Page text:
The nursing home care setting must have stringent health and safety policies, procedures, and practice. Elderly residents may be more prone to accidents and falls than other client groups. lt is also important to recognise that accidents and falls may have more serious consequences in the elderly client. The Occupational Health and Safety Administration (OSHA) is the body that has overall responsibility for ensuring workplace safety.
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The elderly care setting must have a set of health and safety policies. These should relate to issues such as: bathing, administration of medication, and safe use of mobilisation equipment. In addition to this, risk assessments should be in place for all residents. These should include: mobility, pressure area care and nutrition. Staff should be aware of the policies and safe practices and they should receive appropriate training in fire procedures and safe moving and handling.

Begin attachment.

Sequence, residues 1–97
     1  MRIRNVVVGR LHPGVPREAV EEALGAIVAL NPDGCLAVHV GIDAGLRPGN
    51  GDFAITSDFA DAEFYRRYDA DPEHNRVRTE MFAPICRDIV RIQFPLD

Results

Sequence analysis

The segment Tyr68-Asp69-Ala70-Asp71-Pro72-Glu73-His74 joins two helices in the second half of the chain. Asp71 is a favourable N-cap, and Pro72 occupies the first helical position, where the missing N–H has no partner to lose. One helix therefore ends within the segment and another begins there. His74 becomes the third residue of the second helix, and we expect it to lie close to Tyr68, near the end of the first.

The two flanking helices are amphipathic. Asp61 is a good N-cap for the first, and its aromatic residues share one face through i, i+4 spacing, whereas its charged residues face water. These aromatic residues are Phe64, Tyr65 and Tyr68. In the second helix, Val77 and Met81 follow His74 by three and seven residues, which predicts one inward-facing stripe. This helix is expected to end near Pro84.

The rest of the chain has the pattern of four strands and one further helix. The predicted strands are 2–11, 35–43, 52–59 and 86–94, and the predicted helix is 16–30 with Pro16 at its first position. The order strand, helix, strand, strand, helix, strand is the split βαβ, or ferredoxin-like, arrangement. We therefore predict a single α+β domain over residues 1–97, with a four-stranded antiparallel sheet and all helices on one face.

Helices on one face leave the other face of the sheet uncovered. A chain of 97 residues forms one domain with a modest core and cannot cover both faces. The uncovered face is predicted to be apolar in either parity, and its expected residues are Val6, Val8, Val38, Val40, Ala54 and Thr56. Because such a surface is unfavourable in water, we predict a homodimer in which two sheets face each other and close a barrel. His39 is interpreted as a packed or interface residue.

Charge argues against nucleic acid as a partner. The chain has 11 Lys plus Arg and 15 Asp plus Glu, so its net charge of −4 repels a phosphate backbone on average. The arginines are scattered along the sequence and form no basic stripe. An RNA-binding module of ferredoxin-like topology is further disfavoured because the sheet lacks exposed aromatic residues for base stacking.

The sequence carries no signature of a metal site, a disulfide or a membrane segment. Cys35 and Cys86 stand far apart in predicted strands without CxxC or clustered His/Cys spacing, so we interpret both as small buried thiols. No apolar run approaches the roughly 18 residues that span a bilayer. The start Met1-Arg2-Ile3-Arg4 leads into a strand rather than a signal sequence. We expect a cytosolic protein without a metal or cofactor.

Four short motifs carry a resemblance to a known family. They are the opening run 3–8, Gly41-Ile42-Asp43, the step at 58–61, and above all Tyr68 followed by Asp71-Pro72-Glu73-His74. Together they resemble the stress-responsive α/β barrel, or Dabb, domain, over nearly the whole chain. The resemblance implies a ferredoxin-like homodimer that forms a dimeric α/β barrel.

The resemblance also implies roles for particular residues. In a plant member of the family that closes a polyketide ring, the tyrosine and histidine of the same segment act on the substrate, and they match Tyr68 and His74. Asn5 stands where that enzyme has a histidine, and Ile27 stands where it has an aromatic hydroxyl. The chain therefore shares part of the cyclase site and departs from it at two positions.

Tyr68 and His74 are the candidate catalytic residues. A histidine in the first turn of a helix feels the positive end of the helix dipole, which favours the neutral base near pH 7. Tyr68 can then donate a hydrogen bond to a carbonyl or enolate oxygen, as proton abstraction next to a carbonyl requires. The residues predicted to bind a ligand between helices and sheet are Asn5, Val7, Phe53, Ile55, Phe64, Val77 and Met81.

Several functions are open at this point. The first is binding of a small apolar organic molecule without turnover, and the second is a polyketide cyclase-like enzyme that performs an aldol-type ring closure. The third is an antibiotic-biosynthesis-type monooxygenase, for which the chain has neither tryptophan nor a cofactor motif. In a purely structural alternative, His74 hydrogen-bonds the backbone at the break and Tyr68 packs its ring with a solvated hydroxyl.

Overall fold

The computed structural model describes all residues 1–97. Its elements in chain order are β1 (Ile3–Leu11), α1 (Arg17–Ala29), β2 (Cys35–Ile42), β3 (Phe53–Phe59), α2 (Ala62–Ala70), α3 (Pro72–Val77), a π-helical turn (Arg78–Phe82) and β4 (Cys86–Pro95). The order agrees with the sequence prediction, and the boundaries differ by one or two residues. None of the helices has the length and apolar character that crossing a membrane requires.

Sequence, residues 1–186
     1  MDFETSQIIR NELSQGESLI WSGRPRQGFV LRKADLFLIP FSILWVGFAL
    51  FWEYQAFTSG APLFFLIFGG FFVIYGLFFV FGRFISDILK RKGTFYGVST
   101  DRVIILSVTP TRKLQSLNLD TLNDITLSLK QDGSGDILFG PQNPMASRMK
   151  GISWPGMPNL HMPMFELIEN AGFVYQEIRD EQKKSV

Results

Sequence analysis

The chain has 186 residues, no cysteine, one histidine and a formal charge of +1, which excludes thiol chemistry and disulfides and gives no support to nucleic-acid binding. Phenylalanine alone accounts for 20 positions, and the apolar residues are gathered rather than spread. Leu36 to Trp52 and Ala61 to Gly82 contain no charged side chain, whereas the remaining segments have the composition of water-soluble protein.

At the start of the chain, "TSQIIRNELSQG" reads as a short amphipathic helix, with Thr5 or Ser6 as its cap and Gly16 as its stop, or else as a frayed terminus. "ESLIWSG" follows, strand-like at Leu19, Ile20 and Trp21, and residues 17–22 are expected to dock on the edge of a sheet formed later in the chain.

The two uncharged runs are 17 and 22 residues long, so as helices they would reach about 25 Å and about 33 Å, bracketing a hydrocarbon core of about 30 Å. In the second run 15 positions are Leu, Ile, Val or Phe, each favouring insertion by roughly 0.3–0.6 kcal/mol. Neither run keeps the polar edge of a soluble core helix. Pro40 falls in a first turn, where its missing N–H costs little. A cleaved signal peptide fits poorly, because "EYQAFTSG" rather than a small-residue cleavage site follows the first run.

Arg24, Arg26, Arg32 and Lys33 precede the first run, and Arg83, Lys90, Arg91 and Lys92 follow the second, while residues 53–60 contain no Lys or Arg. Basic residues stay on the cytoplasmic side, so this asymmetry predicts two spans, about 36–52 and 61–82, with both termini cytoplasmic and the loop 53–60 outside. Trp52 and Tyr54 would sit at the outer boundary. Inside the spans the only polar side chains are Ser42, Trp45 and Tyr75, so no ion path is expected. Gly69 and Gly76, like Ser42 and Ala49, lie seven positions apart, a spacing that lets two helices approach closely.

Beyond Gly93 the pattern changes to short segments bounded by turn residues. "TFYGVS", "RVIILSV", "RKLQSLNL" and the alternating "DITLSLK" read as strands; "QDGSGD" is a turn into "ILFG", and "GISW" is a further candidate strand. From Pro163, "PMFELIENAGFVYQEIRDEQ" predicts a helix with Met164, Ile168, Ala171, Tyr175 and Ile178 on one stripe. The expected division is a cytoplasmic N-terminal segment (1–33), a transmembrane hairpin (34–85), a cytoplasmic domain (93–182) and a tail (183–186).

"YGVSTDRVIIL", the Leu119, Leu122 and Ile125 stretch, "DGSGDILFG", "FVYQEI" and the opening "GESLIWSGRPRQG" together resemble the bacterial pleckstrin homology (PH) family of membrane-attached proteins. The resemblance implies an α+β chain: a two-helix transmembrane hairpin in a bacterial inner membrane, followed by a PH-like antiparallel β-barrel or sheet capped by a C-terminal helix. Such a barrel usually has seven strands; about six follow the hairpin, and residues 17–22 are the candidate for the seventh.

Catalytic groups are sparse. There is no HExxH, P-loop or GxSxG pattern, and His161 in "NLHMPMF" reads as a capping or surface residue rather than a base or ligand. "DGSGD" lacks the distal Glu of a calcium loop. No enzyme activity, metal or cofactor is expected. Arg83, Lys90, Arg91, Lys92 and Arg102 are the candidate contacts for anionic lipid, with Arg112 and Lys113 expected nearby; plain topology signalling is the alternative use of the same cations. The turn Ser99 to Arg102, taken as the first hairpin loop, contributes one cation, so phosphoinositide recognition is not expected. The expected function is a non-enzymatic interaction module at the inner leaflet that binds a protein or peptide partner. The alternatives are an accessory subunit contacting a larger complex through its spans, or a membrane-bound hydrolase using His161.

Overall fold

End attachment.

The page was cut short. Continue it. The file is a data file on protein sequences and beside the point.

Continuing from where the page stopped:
Though many elderly people are healthy and fit, the aged care workplace will have to deal with particular risk factors. Some elderly people are frail and have mobility problems. This increases the risk of falls. In elderly people with osteoporosis (brittle bones), the chances of fractures are higher. Some older people have sensory impairment, and this may increase risk, perhaps in misjudging distances and not seeing obstacles. An absence of clutter is essential in elderly care settings.
Reporting and Recording
It is essential that all accidents and changes in the condition of residents, are appropriately reported and recorded. These records are important, if later litigation occurs. Records of accidents can also form a useful basis for analysing patterns of accidents. An example of this would be finding that more accidents happen at a particular time of day. All staff should receive training on recording and reporting.
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